- Travel Alerts
- Travel Warnings
What’s a Travel Alert?
The State Department will issue a travel alert for a particular area when there are short-term safety or security conditions that pose significant risk to American citizens. These include: natural disasters, terrorist attacks and anniversaries of terror attacks, civil coups, election-related demonstrations or violence and high-profile events such as international conferences or regional sporting events (like the Olympics).
Travel alerts are typically issued with an expiration date. As an example, the U.S. State Department recently issued a travel alert on the risks of traveling the Pan-American Highway in western Panama due to some violent clashes over mining rights. That travel alert expires on February 20th, when the government believes the danger will be passed. If the danger continues past the original expiration date, the State Department may issue an updated travel alert with a new expiration date.
See the current list of U.S. State Department Travel Alerts now.
What’s a Travel Warning?
The State Department will issue a travel warning for a particular area when the region has experience long-term and protracted security or safety conditions that make travel to that country dangerous. When the State Department deems it’s necessary to warn its citizens to avoid travel to that country with a travel warning, it’s also important to note that the U.S. government’s ability to assist their citizens in that area is likely to be severely constrained as a result of conditions on the ground, reduction in staff or closure of the local embassy, or both.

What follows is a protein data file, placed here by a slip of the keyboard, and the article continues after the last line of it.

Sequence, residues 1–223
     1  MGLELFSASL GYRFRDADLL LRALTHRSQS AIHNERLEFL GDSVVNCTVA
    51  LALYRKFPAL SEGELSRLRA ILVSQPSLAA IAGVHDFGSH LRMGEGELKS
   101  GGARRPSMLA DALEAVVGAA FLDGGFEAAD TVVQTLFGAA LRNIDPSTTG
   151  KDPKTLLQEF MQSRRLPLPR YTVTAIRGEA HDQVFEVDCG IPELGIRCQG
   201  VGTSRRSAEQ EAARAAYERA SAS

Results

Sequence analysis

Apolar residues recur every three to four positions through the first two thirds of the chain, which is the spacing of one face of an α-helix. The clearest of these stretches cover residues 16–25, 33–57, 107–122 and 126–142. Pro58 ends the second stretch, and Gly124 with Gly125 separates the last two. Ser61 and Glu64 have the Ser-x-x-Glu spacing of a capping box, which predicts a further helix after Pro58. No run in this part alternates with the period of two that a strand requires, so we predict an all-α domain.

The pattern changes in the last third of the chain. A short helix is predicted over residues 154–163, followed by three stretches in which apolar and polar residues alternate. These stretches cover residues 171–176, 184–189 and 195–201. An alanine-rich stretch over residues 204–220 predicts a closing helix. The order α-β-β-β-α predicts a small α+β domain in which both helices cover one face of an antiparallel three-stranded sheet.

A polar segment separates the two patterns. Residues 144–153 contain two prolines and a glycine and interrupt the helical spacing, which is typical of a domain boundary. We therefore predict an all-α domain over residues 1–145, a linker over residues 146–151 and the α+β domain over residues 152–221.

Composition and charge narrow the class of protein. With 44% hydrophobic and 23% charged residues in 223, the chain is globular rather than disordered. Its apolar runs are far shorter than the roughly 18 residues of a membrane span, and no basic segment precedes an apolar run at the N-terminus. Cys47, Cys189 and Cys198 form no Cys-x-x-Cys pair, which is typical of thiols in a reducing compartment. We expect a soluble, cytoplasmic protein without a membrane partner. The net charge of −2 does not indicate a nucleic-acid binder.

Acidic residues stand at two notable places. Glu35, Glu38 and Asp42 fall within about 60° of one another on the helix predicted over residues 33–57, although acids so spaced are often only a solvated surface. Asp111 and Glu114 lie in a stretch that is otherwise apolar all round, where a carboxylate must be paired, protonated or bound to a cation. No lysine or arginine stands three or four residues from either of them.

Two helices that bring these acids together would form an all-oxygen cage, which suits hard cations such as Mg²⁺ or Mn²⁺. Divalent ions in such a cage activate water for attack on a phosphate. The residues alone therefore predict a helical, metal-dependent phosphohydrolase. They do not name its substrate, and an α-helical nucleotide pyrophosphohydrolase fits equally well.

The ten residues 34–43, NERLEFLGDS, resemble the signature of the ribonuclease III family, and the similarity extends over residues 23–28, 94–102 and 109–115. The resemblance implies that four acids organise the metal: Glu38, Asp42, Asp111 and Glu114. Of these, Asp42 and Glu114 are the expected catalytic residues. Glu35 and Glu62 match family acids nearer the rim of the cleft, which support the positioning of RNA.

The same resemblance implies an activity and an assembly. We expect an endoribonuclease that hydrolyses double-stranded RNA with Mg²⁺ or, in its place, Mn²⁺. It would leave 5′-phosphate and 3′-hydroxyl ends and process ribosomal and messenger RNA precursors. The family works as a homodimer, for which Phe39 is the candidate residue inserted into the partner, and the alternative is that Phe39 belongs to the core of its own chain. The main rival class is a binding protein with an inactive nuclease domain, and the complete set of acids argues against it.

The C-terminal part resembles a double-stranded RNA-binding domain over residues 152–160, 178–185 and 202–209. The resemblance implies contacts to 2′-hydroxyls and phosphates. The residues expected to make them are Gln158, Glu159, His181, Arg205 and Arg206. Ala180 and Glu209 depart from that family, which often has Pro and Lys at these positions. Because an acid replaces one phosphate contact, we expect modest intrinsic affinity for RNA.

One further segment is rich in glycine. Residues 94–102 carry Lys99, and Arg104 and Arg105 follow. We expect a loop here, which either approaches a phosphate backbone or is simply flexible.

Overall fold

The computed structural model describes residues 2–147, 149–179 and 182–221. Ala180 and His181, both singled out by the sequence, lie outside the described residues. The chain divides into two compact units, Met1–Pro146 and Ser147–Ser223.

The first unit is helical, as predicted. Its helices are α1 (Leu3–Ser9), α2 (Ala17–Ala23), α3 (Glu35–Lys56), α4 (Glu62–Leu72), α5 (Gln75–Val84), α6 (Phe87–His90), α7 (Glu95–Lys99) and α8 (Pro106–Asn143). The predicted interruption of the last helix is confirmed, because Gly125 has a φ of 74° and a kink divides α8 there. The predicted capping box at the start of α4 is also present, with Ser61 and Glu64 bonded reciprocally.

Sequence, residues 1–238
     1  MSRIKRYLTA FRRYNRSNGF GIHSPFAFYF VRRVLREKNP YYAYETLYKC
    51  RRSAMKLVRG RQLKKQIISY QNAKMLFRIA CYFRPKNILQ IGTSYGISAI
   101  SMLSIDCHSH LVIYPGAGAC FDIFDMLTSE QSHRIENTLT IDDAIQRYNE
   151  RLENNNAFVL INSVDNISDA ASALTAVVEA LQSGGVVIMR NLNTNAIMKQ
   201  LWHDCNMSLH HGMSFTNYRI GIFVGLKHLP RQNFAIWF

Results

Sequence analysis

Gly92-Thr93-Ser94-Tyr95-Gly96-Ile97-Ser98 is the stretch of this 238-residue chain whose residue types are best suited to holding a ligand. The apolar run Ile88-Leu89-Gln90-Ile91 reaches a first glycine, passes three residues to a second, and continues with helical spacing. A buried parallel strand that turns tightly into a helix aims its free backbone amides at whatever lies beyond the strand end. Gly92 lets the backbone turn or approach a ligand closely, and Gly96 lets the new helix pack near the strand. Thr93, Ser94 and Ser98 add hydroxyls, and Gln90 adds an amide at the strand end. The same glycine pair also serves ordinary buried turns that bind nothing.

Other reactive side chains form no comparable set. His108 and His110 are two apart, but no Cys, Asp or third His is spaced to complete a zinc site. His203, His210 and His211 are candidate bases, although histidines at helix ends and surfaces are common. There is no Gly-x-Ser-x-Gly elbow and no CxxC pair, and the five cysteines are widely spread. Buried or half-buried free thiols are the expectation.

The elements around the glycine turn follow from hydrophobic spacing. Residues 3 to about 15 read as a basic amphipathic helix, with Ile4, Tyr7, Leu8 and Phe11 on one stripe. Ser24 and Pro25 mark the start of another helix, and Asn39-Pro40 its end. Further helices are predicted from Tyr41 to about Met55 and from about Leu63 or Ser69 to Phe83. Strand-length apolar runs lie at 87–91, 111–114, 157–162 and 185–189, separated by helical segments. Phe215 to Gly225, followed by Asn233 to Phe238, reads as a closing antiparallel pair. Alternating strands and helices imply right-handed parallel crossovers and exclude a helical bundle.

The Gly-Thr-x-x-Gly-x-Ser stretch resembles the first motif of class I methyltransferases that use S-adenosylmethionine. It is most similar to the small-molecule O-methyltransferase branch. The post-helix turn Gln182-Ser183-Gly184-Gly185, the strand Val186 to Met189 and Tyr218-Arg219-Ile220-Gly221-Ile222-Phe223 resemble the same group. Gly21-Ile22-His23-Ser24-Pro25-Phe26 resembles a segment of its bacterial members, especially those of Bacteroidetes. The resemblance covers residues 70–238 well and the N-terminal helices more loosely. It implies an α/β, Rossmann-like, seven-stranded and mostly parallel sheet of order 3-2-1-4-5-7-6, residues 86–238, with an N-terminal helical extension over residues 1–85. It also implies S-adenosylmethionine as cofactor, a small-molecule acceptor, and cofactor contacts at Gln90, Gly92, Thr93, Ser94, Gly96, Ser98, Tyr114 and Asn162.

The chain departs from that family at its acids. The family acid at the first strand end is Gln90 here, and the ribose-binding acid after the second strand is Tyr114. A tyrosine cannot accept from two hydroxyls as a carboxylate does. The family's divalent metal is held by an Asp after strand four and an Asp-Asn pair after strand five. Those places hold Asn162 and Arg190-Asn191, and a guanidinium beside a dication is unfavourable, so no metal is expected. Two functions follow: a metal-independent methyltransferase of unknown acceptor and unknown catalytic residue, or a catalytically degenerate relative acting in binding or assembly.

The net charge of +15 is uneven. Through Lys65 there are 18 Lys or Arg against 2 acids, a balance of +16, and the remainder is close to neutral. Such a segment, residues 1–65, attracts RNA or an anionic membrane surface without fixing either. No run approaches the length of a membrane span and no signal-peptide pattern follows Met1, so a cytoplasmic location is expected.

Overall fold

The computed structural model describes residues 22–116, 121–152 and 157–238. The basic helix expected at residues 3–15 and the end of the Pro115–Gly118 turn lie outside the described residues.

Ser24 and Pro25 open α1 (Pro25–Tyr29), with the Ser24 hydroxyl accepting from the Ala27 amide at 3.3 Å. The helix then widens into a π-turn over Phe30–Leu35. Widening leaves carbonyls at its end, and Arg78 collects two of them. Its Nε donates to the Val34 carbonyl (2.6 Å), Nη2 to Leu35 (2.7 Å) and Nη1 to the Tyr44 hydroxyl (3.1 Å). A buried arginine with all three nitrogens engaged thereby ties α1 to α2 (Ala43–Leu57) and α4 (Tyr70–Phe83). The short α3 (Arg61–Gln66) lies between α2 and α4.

As an example, the U.S. State Department recently issued a travel warning on the dangers of travel to Mexico as a result of long-term violence and crime related to drug cartels. The number of U.S. citizens reported as murdered in Mexico during 2011 was 120, which is far higher than that of 2007 when only 35 were killed. Many U.S. citizens have been the victim of carjackings, kidnappings, and highway robbery in Mexico during 2011 and the violence shows no signs of stopping. When a travel warning is issued
See the current list of U.S. State Department Travel Warnings now.
How Does a Traveler Stay Informed – Crisis or No?
It’s important to note that the government’s role for American travelers in a crisis is perhaps more limited than you might expect and as a result, U.S. travelers going abroad are strongly encouraged to check the travel cautions prior to making their travel plans. In addition, travelers are also encouraged to watch the travel.state.gov website for updates as this is the primary tool for traveler safety information dissemination.
Travelers can always see the current list of latest alerts and warnings on the travel.state.gov website home page, but the media may or may not pick up and broadcast the cautions issued by the U.S. government. This means travelers cannot rely on radio, print, or televised media to let you know when conditions in a particular area have shifted so as to be considered dangerous for travelers.
Travelers can also select a particular country, click Go, and see the specific information related to that area, including entry and exit requirements, safety and security threats, medical facilities and health information, and more.
So, even if you don’t see the country you’re traveling to in this immediate list of warnings and alerts, be sure to check the information available for that country before you book your travel. You could save yourself a good deal of trouble.